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Everything posted by Bumper64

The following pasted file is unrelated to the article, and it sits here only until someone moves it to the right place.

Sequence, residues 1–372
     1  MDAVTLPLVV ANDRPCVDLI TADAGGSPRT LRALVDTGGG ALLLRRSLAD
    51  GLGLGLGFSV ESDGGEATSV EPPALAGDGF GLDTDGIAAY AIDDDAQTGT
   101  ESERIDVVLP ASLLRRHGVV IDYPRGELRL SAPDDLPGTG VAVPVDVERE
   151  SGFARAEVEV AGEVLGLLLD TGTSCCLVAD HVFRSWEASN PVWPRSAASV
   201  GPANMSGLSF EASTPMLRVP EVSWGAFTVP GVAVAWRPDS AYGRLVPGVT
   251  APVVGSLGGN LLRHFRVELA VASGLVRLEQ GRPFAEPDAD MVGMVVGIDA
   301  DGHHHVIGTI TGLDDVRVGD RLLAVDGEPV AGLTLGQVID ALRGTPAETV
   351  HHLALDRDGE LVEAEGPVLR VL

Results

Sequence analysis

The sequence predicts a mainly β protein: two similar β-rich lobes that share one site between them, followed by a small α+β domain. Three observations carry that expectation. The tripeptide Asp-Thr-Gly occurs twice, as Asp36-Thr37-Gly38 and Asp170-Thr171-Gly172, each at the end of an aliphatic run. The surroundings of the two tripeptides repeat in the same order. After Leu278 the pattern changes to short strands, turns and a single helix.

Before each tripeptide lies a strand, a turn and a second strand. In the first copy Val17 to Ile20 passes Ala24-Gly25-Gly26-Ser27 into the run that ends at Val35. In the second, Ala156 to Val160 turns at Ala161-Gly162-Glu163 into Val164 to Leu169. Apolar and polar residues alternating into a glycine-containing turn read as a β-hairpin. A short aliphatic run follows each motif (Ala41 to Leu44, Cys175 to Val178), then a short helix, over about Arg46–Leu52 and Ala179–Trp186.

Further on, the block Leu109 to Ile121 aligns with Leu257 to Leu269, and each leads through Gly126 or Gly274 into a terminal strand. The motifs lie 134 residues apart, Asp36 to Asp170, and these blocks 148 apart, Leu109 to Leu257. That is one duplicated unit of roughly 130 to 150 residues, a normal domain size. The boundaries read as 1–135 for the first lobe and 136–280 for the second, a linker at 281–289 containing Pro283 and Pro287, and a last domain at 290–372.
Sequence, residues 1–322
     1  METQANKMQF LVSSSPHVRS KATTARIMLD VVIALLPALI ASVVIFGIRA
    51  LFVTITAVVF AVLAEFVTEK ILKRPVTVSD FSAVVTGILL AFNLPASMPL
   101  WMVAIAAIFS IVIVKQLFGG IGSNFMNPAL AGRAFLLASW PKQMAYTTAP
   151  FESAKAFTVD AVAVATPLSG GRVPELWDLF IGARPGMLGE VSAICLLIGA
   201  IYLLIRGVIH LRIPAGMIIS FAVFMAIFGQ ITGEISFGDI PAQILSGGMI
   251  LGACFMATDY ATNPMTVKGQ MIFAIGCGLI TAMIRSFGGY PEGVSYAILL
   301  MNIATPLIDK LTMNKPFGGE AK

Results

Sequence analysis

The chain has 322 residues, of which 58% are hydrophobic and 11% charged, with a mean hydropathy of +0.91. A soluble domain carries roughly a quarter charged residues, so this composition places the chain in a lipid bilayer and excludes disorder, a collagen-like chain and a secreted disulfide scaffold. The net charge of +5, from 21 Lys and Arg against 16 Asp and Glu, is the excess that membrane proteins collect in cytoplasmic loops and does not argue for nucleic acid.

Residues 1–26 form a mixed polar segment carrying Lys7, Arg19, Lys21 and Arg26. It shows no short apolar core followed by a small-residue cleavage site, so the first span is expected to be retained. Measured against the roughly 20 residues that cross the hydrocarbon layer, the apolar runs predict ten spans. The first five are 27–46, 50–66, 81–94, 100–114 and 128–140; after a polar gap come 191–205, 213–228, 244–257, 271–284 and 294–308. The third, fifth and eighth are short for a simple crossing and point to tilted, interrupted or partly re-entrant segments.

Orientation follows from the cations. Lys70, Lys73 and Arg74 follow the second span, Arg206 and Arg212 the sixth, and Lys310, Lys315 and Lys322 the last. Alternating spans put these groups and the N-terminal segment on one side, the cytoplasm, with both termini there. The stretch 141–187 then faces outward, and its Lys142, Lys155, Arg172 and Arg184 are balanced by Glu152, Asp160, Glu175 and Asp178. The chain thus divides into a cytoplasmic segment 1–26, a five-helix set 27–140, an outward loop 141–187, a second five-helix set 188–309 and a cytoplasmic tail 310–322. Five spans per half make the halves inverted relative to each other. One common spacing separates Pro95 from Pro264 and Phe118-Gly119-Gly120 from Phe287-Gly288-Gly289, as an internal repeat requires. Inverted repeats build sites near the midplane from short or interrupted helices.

1. MANILA (Reuters) - A deadly church bombing that shook the southern Philippines at the weekend was a suicide attack carried out by an Indonesian couple, with help of an Islamic State-linked group, the Philippine interior minister said on Friday. Citing information provided by witnesses and undisclosed sources, Interior Secretary Eduardo Ano said he was certain that an Indonesian man and wife were behind Sunday's attack on the mainly Muslim island of Jolo, which killed 22 people and wounded more than 100, including civilians and soldiers. The Islamic State group claimed responsibility for what it said were suicide bombings. Such attacks are almost unheard of in the Philippines. "They are Indonesians," Ano, a former military chief, told CNN Philippines. "I am certain that they are Indonesians." Ano's remarks are the latest twist in a probe that has been fraught with inconsistent and sometimes contradictory accounts from authorities and, according to one investigator interviewed on television, complicated by a contaminated crime scene. Security officials had initially said the two bombs were remote detonated, but by Tuesday, that changed after President Rodrigo Duterte said it may have been a suicide bomber, a view supported by his defense minister. Defence Secretary Delfin Lorenzana on Friday said bag checks at the entrance to the church would have made it difficult to plant a bomb there, so a device strapped to the body was more likely. "According to the forensic investigators ... these body parts could belong to two persons: one inside the church and one outside," Lorenzana told reporters. Ano said the couple had received help from Abu Sayyaf, a militant organization notorious for kidnappings and extremist factions. He said those who plotted the attack would have been under the instruction of an operative he said had been recognized by Islamic State. The violence has rekindled fears about the extent of Islamic State's influence in Southeast Asia, and the lure of Mindanao for extremists from Malaysia, Indonesia and elsewhere. Martial law has been in place in Mindanao since domestic and foreign fighters dressed in black outfits overran Marawi City in 2017 and clung on through five months of air strikes and street battles reminiscent of scenes in Syria and Iraq. The latest violence follow a peaceful Jan. 21 referendum that overwhelmingly approved autonomy for the predominantly Muslim parts of the Mindanao, following a peace accord that excluded the Abu Sayyaf. On Wednesday, two people were killed when a grenade was thrown into a mosque in nearby Zamboanga, a mainly Christian province. It is not clear who was behind it.